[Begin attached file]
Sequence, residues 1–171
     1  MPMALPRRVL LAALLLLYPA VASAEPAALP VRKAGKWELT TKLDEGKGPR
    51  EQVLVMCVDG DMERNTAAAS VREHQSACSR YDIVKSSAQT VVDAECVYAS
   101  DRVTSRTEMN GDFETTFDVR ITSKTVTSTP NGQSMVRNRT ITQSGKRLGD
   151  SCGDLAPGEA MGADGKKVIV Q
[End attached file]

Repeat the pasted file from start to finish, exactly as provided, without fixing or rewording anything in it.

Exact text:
Sequence, residues 1–171
     1  MPMALPRRVL LAALLLLYPA VASAEPAALP VRKAGKWELT TKLDEGKGPR
    51  EQVLVMCVDG DMERNTAAAS VREHQSACSR YDIVKSSAQT VVDAECVYAS
   101  DRVTSRTEMN GDFETTFDVR ITSKTVTSTP NGQSMVRNRT ITQSGKRLGD
   151  SCGDLAPGEA MGADGKKVIV Q